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Mackenzie Fierceton stands at a rally in support of Fierceton on Apr. 13, 2022. Credit: Kylie Cooper

Several Penn affiliates, including two senior administrators, gave depositions in 2021 School of Social Policy & Practice graduate and 2020 College graduate Mackenzie Fierceton’s lawsuit against the University in June and July. 

The five Penn administrators and professors who testified include Deputy Provost Beth Winkelstein, who is named as a defendant in the case, and former interim President Wendell Pritchett. The depositions occurred between June 7 and July 17, according to a court order from May 3.

A request for comment from the University was left with spokesperson Ron Ozio.

In her initial lawsuit, Fierceton alleged a connection between her efforts to determine whether the 2018 death of Cameron Avant Driver, an SP2 graduate student, was the result of inadequate accessibility in campus buildings, and the University’s investigation into her background. The lawsuit also pushed back against the investigation, which focused on Fierceton’s first-generation, low-income status, and asserted that the University aimed to discredit her in an investigation led by the Rhodes Scholar Foundation.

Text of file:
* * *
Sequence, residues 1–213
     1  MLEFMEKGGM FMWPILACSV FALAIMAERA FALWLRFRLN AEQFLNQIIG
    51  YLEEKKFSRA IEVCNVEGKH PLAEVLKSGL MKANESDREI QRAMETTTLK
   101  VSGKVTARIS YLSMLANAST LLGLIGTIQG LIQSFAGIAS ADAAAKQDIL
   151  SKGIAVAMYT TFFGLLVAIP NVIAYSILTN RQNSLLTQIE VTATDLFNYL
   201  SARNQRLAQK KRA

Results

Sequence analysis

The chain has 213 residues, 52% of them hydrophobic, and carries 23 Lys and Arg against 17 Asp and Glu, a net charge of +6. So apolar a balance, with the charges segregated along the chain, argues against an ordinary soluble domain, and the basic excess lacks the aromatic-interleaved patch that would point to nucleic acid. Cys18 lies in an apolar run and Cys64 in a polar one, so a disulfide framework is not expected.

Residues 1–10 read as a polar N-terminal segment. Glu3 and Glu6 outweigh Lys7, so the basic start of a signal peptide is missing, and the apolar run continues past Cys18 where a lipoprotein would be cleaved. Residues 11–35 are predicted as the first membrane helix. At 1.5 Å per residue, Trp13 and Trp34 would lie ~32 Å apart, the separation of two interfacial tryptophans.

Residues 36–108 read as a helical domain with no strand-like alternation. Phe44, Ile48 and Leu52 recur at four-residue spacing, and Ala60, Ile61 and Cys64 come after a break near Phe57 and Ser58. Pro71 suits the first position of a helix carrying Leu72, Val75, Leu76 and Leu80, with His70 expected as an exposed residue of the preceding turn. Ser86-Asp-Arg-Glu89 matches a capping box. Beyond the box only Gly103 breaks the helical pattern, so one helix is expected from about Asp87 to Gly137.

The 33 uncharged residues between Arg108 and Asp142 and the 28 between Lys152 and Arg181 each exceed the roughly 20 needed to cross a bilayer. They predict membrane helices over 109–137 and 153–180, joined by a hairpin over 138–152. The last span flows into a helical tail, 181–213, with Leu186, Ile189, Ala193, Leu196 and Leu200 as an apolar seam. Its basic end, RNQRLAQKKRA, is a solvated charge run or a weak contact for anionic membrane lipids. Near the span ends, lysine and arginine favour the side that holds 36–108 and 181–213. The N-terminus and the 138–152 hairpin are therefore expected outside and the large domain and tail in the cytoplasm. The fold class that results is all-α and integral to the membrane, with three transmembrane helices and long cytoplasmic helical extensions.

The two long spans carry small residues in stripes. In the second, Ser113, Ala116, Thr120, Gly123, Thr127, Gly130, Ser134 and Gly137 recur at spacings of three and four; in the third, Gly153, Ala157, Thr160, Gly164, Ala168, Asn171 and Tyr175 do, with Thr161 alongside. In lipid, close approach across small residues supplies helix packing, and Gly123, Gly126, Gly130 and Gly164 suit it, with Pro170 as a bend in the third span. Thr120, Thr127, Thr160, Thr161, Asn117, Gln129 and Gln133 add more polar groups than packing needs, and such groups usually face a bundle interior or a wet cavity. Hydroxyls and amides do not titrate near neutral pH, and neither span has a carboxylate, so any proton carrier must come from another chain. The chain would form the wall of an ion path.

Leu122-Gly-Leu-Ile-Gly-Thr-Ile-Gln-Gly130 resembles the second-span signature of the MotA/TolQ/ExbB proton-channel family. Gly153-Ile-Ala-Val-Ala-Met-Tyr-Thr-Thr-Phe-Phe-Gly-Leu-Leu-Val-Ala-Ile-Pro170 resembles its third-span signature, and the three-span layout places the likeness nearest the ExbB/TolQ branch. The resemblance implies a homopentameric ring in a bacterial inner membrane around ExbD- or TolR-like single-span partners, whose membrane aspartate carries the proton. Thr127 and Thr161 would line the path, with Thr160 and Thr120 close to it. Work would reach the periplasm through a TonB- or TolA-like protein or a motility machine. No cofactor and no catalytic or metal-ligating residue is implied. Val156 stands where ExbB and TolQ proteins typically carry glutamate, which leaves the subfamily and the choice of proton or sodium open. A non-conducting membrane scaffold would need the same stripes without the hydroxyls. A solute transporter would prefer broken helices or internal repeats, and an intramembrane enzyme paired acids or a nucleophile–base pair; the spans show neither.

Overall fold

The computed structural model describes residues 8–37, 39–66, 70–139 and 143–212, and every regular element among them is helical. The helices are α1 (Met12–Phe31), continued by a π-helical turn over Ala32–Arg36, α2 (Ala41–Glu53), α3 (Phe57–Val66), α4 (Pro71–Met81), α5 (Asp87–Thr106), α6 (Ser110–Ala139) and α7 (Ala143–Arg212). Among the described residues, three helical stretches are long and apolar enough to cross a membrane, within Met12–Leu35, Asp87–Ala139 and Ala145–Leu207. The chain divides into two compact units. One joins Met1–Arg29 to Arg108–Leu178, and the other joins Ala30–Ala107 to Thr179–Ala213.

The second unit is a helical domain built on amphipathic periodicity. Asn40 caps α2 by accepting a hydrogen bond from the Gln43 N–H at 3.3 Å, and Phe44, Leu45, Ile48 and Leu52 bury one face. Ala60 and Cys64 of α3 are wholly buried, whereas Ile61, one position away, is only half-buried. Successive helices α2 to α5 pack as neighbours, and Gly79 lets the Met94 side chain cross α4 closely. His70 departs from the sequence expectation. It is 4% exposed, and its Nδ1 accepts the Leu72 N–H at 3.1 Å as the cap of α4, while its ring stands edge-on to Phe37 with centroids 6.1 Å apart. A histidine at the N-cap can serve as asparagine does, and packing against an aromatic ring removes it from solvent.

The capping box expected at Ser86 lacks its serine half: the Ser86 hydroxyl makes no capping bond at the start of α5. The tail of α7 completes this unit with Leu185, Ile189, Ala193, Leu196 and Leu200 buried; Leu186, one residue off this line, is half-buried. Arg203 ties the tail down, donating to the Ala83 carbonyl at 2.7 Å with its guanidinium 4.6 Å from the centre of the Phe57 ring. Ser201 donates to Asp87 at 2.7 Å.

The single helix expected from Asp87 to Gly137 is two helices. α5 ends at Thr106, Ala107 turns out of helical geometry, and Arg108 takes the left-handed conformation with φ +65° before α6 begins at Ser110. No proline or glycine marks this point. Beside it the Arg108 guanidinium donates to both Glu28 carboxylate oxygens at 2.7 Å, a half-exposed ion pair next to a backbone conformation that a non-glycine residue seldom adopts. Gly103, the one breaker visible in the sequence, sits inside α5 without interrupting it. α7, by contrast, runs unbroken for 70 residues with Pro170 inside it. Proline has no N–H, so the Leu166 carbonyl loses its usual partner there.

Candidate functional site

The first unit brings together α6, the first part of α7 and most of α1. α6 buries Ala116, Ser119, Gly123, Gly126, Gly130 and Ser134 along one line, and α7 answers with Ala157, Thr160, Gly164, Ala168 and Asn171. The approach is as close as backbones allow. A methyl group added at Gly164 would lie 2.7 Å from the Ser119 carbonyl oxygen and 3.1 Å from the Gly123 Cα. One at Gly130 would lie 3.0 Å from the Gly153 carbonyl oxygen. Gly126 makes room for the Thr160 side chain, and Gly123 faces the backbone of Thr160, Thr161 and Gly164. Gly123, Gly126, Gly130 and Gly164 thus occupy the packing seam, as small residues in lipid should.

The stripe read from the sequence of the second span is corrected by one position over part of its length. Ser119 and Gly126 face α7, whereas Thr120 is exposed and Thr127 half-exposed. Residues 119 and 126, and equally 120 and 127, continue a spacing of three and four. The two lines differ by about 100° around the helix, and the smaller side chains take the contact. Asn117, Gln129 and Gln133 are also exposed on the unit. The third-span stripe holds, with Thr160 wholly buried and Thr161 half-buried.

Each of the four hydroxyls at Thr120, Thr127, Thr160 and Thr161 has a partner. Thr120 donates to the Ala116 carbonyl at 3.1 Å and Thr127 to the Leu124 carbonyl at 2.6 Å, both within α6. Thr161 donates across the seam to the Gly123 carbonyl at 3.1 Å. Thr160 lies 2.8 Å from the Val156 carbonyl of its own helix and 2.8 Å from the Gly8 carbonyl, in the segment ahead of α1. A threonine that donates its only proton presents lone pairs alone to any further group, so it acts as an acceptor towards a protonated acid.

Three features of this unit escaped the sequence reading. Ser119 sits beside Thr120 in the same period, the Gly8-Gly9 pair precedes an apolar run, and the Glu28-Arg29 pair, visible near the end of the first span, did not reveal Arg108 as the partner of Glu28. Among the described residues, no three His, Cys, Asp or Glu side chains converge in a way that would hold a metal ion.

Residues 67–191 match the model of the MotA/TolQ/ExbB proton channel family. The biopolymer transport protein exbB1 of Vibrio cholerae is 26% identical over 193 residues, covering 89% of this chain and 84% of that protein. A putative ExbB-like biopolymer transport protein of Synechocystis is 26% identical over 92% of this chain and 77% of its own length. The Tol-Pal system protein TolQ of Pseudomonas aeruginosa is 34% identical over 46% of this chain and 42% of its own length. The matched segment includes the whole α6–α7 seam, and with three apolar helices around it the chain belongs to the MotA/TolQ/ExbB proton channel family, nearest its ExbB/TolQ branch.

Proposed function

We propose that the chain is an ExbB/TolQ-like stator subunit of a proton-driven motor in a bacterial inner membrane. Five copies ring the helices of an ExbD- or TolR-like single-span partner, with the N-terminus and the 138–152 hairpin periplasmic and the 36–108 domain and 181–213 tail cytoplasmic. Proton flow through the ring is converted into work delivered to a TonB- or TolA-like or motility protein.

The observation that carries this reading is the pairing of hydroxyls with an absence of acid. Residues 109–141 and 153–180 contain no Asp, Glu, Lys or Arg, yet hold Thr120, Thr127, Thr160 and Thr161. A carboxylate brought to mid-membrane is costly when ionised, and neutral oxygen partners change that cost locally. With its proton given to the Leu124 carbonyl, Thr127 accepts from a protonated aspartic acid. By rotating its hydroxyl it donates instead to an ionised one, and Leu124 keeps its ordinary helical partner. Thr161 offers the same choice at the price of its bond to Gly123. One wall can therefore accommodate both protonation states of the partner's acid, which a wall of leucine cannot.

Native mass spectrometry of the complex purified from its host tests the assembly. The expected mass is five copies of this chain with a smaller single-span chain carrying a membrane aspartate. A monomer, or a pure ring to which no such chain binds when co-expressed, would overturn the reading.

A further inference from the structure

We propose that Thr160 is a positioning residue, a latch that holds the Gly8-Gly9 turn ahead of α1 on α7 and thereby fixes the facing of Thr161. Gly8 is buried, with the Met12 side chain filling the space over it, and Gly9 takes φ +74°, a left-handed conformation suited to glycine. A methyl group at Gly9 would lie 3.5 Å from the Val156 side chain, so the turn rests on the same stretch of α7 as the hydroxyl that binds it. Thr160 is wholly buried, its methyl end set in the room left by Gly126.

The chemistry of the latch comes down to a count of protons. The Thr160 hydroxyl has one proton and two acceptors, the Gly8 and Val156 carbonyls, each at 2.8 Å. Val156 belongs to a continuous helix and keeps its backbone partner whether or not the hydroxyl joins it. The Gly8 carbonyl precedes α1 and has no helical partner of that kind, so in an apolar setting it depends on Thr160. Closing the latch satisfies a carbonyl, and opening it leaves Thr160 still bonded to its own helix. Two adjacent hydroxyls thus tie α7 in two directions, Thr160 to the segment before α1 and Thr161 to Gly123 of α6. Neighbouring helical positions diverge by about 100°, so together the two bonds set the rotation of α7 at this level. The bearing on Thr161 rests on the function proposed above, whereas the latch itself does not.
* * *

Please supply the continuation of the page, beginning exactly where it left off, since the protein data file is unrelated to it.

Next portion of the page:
In an interview with The Daily Pennsylvanian, Fierceton described the deposition process as “exhausting but validating.”

“There have been moments that have felt very much like pieces of accountability and justice along the way,” she said. “This is a justice system that usually yields in the favor of powerful institutions like Penn, and I’m glad that I’m able to use it to get questions answered and things on the record in a way that can bring a lot of what’s happened behind closed doors into the light.”

Fierceton herself gave the first deposition on June 7. Pritchett testified on June 9, and Winkelstein gave the last deposition to date on July 17, according to the document. 

Other Penn affiliates who testified include defendant Wendy White, the senior vice president and general counsel at Penn, and political science professors Anne Norton and Rogers Smith. Michael Hayes, who was the assistant prosecuting attorney in Fierceton’s 2019 charges of abuse against her mother, also testified. 

On June 12, a revised case management order was issued, stating that the discovery process will be extended to Nov. 6 from its original deadline of July 3. The revised order states that Fierceton has identified six additional witnesses, including three Penn affiliates, who may depose in the future. 

None of the lawyers involved in the case responded to a request for comment. 

When the discovery phase is finished, the parties will take part in a mandatory settlement conference, which is a required-by-law opportunity for the parties to resolve the case without trial. 

Fierceton said that she hopes other institutions will come to see her case as a “warning.”

“I hope [my case] is seen as an act of resistance,” Fierceton said. “These institutions take so much from us and use us to their advantage for promotion and marketing to build their billion-dollar empires and endowments. They need to remember that we’re also human beings, and we fight back.”